Eucalyptus - combat congestion with eucalyptus oil is steam inhalation, which allows the oil to react with mucous membranes, reducing mucus and loosening up congestion.
How Do You Do It?
There is no need to break the bank people. All you need is a bowl, hot water, a towel .. and of course a dot. NATURALS botanical facial steamer blend :)
When finished, dispose of the steeped botanicals and their liquid, they aren’t reusable. It’s recommend to do a facial steam weekly or bi-weekly, unless your sinuses are congested, in which case you can do it more regularly.
If you think these products can't pose much of a problem, because they are used on your skin or hair, think again. Our skin readily absorbs at least 30% of what we put on it - that is why some common medicines are delivered through a skin patch or cream. Also, if we ingest something toxic through our food or drink, it gets sent (with everything else) to our liver to be detoxified, before being released into our bloodstream. Our liver saves us from a host of potential problems. Toxins entering through our skin, however, have no such obstacle to stop them.
found in nail polish remover, it is an irritant that when inhaled can damage the lungs, liver, kidneys, nerves and can increase the risk of birth defects.
ALUMINUM CHLOROHYDRATE & ALUMINUM ZIRCONIUM
found in most deodorants and anti-perspirants. It has been suggested (but not yet proven) that there is a connection between aluminum and Alzheimers disease and breast cancer.
BHA or BHT
are used mainly in moisturizers and make-up as anti-oxidants and preservatives. They are also a hidden ingredient in some fragrances. BHA is toxic to the immune sytem & the International Agency for Research on Cancer classifies it as a possible human carcinogen. Studies suggest that BHT may be toxic to the skin, lungs, liver and immune system. Both chemicals can cause allergic reactions, are suspected of interfering with hormone function and promoting tumour growth. They also have the potential to bio-accumulate in aquatic species.
COAL TAR DYES
the main concern here, aside from causing sensitivity, is their potential as carcinogens, as they are proven to cause cancer when injected under the skin of mice. Look for p-phenylenediamine or colours identified as "C.I." followed by a 5 digit number. Also, some of these colours contain heavy metals and aluminum, of particular concern when used in cosmetics that may be ingested, like lipstick.
is a dry lubricant used in baby powders, feminine sprays and on condoms. It is a carcinogen when inhaled (which is especially hard for babies not to). Studies and lawsuits have also linked talcum powder and mesothelioma.
pronounced "thay-late". This is only one of the many phthalates, all of which are highly suspect. It is used as a solvent for dyes in nail products, a plasticizer to keep polishes from becoming brittle (also in vinyl flooring, toys, cars, shower curtains, medical equipment, etc.) and it is especially widespread in the fragrance oils used in almost every cosmetic or skincare product. Because of "trade secret" regulations, phthalates don't even have to be listed on fragranced products, which means, almost everything. Because of the gender bending potential of phthalates, this can be especially dangerous for women of childbearing age. So far, the list of the main dangers found are - damage to the liver, kidneys, lungs, brain and nervous system, immune system and last, but not least, damage to the endocrine and reproductive system - especially the developing testes in male fetuses.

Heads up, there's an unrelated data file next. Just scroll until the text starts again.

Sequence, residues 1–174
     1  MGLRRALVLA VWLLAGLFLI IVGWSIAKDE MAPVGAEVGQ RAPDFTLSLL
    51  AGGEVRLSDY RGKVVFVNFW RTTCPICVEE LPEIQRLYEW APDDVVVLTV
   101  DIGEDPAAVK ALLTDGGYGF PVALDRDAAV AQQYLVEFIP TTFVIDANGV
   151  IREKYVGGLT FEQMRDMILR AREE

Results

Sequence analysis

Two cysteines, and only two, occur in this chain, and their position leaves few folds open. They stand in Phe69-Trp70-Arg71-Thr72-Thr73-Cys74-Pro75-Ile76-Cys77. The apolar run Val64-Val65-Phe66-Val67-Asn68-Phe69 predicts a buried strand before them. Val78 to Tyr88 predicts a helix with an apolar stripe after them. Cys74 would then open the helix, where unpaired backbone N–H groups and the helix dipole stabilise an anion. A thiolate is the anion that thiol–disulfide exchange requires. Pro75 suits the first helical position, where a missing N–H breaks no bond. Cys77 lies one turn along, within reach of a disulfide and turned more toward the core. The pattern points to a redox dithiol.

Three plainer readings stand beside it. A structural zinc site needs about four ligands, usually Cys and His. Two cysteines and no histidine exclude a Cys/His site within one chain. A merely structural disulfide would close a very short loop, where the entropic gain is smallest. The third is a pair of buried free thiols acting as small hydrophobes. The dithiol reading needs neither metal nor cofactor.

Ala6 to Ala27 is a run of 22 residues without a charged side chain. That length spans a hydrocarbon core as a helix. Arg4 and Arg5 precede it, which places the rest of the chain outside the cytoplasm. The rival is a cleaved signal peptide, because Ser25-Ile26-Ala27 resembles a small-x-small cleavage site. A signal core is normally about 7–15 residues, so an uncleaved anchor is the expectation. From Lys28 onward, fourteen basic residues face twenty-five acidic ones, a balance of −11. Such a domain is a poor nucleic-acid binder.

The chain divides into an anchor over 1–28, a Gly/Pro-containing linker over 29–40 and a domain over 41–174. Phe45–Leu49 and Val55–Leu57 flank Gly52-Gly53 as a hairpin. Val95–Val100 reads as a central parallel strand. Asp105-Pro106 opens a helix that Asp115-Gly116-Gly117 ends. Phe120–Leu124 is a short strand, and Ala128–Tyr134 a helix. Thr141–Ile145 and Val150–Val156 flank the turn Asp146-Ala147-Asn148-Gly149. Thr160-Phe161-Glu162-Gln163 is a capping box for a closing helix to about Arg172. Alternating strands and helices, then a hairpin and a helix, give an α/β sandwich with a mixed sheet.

IMADAZOLIDINYL UREA & DIAZOLIDINYL UREA
another common preservative that causes dermatitis and releases formaldehyde.
PADIMATE O (OCTYL DIMETHYL PABA), OXYBENZONE & OCTYLMETHOXYCINNAMATE
are commonly found in sunscreens, but have been shown to disrupt endocrine balance. Titanium dioxide and zinc oxide are safer alternatives, working as actual sun blocks and not sunscreens, therefore more effective as well.
methyl, propyl, ethyl & butyl - these are very common preservatives found in most products. Formaldehyde releasing and may cause carcinogenic nitrosamines.
polyethylene glycol compounds are widely used in cream bases in cosmetics. PEG and it's chemical cousin, Propylene Glycol (a humectant found in deodorants, toothpaste, etc.) open the skin's pores, allowing harmful ingredients to penetrate more deeply. PG is known to cause contact dermatitis, kidney and liver damage, skin and eye irritation and gastro-intestinal disturbances. These compounds may also be contaminated with ethylene oxide and 1,4-dioxane, both of which may cause cancer.
PETROLATUM or MINERAL OIL
a petroleum based jelly or oil often found in lip and skincare products - advertised as preventing chapping and sun damage. Ironically, it actually causes skin photosensitivity, promoting sun damage and interfering with the body's own moisturizing mechanism causing dryness that leads to the need to reapply.
mostly found in hair sprays - can introduce foreign particles into the lungs, causing problems in sensitive people.
found in nail polish - known to be a hormone disruptor and a potential carcinogen.
found in most anti-bacterial soaps, hand sanitizers and deodorants as a preservative and anti-bacterial. It is a hormone disruptor, doesn't break down in the environment and may contribute to the rising wave of bacterial resistance.